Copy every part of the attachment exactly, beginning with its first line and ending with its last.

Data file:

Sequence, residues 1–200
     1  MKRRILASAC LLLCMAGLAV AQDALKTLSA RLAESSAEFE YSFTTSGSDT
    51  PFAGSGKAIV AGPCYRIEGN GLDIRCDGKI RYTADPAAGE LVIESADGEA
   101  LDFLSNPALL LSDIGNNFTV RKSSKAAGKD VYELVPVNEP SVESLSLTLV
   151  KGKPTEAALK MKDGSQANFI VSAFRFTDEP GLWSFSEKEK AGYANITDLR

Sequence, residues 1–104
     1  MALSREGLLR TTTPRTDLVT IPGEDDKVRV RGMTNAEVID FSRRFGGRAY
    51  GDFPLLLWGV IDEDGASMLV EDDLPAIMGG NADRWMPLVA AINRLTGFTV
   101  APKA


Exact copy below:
Sequence, residues 1–200
     1  MKRRILASAC LLLCMAGLAV AQDALKTLSA RLAESSAEFE YSFTTSGSDT
    51  PFAGSGKAIV AGPCYRIEGN GLDIRCDGKI RYTADPAAGE LVIESADGEA
   101  LDFLSNPALL LSDIGNNFTV RKSSKAAGKD VYELVPVNEP SVESLSLTLV
   151  KGKPTEAALK MKDGSQANFI VSAFRFTDEP GLWSFSEKEK AGYANITDLR

Sequence, residues 1–104
     1  MALSREGLLR TTTPRTDLVT IPGEDDKVRV RGMTNAEVID FSRRFGGRAY
    51  GDFPLLLWGV IDEDGASMLV EDDLPAIMGG NADRWMPLVA AINRLTGFTV
   101  APKA